Even the greatest movies will end up with some scenes on the cutting room floor. For the most part, it's with good reason: As awesome as it was, Darth Vader's wakeboarding montage would really have broken the flow of Empire. But a few of those cut scenes would have absolutely made the movie, and it's a tragedy that we've never seen them... until now. NOTE: Obviously there are spoilers, but don't let that stop you from reading (just from complaining that we didn't warn you.)
Note: We live in confusing times. While movies work overtime to explain more and more things that none of us ever wanted to know, like where the Rescue Rangers and the Smurfs got their convictions, the Internet has gone the opposite direction -- Upworthy refuses to explain what its own articles are even about and that kind of misdirection has broken at least one of our editor's dainty, fragile hearts.
So, we wanted to remind you of this Cracked Classic because it shows that no matter how crazy life gets, there's always an explanation hidden somewhere out there. You just have to go digging through the special features. Or buy the Director's Cut. -Cracked.
#7. Lord of the Rings: The Two Towers
This whole article, a small novel, two abridged textbooks and an epic poem could be written about the sheer volume of deleted scenes from the Lord of the Rings trilogy, but there's one particular cut from The Two Towers that seems particularly important. The flashback scene we're referring to shows Boromir and Faramir having a conversation after stomping some Orc ass--a flashback to before anybody knew that a certain hobbit had found a certain ring. Then their father, Denethor, shows up to kill the moment, because he's just generally not a "party type of dude."
Boromir (Left), Faramir (Middle), Denethor (Right). Because all Gondor boys look alike.
Boromir and his father Denethor discuss the Council at Rivendell, and the fact that "Isildur's Bane" is the One Ring (a fact not presented otherwise). Denethor instructs his son to retrieve the Ring for Gondor.
Which went over well, in case you're wondering.
This actually explains Boromir's entire motivation in the first film, and everything he does. His father, his brother, his people are all depending on him to bring back that goddamned ring. He was never going to let them destroy it. It puts the whole first film in a new light and without that scene, Boromir is just "that shifty dude" that kind of hangs out in the back, making all the hobbits uncomfortable for no reason anybody can place. He might as well have been driving a windowless van.
"Hey guys? Hobbits are technically adults, right?"
#6. Independence Day
Are you kind of a nerd? Have you seen Independence Day? What's the problem we're about to point out here? Exactly. Fully half of you reading this have just screamed to the heavens in futile rage about the probability of the famous Apple OS/advanced alien mothership compatibility issue. Even here at Cracked, we've drawn attention to this once or twice in one of our articles (like this one, this one, this one, this one and, well, this one.)
Nerds are an unforgiving lot.
Essentially, Jeff Goldblum is reminded that the word "virus" exists, which is all the motivation and know-how he needs to hack a completely alien spacecraft with a mid-90s PowerBook. We can't even get our damn Xboxes to play pirated copies of Step Up 2 the Streets from our computer, and they were made specifically to interact with one another, yet the dude from Jurassic Park somehow manages to encode a goddamn .GIF of a laughing skull in there when he takes out the mothership with the cutting edge power of MacOS 7.6.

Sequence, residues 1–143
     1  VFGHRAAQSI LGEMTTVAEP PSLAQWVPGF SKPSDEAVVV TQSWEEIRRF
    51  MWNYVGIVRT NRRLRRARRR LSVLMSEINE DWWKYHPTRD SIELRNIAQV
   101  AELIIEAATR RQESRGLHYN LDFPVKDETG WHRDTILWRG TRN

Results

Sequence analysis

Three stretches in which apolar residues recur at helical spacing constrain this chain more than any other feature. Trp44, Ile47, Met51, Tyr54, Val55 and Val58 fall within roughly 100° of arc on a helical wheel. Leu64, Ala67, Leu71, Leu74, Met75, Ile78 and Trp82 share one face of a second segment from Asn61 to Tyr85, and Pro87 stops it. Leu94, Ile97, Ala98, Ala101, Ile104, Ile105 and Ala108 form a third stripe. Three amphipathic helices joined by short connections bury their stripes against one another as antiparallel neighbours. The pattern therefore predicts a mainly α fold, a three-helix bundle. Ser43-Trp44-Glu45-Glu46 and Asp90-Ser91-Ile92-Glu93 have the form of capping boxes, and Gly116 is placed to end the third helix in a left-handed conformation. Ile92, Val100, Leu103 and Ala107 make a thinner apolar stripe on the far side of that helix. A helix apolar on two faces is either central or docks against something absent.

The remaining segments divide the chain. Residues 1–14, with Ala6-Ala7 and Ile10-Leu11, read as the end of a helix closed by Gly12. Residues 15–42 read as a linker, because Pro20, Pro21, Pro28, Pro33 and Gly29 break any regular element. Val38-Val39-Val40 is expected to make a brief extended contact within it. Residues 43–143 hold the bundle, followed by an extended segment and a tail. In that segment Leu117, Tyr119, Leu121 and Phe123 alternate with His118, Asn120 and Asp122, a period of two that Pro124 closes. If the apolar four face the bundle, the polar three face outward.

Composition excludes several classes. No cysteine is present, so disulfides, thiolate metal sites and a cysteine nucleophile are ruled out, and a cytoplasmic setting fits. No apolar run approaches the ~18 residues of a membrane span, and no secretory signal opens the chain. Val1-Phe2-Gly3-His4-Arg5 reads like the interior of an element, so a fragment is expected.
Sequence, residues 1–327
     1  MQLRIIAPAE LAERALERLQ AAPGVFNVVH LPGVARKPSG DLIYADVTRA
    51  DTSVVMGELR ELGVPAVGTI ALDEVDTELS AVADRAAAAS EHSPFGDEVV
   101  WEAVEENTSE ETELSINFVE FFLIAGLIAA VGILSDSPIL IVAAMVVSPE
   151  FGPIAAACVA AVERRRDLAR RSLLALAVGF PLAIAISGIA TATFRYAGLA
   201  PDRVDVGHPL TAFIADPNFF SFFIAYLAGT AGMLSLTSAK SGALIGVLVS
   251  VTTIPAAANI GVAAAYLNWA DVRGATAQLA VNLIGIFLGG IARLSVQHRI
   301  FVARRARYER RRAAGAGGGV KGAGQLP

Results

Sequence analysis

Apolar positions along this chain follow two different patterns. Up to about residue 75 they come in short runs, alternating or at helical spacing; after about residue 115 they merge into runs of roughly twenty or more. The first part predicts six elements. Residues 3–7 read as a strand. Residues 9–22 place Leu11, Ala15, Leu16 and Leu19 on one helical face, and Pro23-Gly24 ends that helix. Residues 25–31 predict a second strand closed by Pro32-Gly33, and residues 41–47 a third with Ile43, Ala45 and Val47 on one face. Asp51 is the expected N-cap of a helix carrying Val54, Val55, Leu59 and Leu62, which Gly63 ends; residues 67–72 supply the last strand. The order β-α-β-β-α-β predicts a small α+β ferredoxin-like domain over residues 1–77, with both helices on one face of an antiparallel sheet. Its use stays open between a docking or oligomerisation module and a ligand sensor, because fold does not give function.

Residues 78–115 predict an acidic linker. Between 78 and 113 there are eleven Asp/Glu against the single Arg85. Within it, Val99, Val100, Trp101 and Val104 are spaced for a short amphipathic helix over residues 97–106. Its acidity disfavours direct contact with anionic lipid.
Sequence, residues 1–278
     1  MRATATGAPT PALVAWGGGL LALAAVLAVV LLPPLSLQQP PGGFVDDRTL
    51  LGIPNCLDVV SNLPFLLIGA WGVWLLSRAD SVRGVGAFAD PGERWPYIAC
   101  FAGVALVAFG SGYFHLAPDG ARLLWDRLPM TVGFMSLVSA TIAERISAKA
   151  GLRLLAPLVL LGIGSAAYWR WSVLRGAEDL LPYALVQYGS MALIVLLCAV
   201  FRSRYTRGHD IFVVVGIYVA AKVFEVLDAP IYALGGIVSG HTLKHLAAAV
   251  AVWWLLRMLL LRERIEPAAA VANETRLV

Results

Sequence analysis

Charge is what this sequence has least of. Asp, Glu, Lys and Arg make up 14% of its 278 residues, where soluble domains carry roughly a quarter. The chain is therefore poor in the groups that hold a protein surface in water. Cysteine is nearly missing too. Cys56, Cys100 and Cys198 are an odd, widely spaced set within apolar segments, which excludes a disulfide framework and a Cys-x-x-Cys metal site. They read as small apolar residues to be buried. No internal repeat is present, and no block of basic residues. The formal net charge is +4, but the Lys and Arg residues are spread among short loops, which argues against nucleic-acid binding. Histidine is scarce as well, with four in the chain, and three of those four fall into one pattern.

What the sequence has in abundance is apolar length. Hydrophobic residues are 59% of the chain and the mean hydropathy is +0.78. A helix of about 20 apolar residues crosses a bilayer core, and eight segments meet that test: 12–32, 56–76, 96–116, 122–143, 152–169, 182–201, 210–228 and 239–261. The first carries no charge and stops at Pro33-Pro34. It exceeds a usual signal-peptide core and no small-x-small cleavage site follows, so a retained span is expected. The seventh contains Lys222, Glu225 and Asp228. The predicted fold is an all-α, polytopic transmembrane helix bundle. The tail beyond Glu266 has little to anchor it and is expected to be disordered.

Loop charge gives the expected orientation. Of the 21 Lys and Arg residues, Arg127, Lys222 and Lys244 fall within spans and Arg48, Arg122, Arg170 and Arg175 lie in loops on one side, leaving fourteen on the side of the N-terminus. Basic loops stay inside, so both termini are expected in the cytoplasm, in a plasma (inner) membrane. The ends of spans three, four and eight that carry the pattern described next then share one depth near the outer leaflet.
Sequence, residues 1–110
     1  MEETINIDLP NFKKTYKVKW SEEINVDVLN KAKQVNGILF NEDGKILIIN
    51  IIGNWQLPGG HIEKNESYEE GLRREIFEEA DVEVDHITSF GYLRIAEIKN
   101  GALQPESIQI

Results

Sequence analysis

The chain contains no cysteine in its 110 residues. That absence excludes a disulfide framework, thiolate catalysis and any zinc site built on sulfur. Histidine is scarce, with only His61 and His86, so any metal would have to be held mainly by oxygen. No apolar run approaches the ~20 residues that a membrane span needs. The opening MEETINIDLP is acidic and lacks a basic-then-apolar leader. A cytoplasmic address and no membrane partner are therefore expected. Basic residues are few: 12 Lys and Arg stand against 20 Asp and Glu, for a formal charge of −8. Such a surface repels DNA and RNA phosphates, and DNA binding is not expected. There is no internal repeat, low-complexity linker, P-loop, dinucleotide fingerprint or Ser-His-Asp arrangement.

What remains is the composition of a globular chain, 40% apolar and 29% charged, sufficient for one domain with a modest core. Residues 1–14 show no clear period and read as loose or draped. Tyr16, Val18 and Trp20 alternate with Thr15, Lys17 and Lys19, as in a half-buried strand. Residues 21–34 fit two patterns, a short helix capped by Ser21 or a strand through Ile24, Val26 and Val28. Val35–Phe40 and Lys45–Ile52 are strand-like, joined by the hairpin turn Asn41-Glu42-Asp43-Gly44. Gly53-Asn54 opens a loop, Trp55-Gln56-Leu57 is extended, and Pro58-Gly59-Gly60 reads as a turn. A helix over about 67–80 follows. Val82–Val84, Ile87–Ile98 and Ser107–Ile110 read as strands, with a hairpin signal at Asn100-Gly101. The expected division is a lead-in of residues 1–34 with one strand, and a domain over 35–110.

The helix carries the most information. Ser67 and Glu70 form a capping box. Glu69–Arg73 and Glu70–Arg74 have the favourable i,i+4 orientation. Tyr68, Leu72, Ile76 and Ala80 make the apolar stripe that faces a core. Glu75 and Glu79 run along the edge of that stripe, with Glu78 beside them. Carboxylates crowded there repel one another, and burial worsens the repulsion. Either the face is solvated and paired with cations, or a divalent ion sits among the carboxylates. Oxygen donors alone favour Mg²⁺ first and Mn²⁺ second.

HELL YEAH, MACS!
But in the seven minutes of cut scenes included in the extended release Independence Day DVD, Goldblum is actually shown tinkering with his PowerBook inside the recovered craft from the Roswell crash site, mumbling something about how the spaceship was running off the same programming language he was able to decipher before (when he first uncovered their invasion plans and all that).
He may also have mentioned tachyons.
So, he presumably worked from there and was able to code some disruptive program and translate it into their language or whatever. It's still flimsy as hell, but it at least proves the filmmakers were aware of and willing to address the problem, thus defusing a decade and a half of pent-up nerd-rage.
In Aliens, Ellen Ripley, sole survivor of the first movie, is finally rescued after floating in outer space for 57 years. When she wakes up and inquires about her old life, she's informed nonchalantly that her daughter has grown up and died while she was in hypersleep. Wait, really? All in the span of 57 years? Apparently, despite mastering cryogenic freezing, the future has suffered some great steps backward in geriatric care.
There's nothing funny about dead children, so instead we present you with this photo of Sigourney Weaver in her underpants.
But that's OK, because upon hearing this devastating news, Ripley essentially gives the camera a "whattayagonnado" shrug and trots off to kick some xenomorphs in whatever they call groins. Typical action movie fare.
But in this deleted scene, we are explicitly shown Ripley's heartbreak at missing out on her daughter's entire life, despite promising she would be home on her 11th birthday.
Kitty cats and vast, unfathomable emotional trauma.
After seeing the human side of Ripley this early in the film, it makes perfect sense that she rescues and instantly grows so attached to the orphaned girl Newt. It changes the entire dynamic of the film; changing Ripley from a blank-slate Hero character to a grieving mother suffering from emotional transference. Also, it answers all the audience's accusatory screams of "Bitch, leave the girl! You don't even know that girl! They're Aliens! Run, bitch, run!"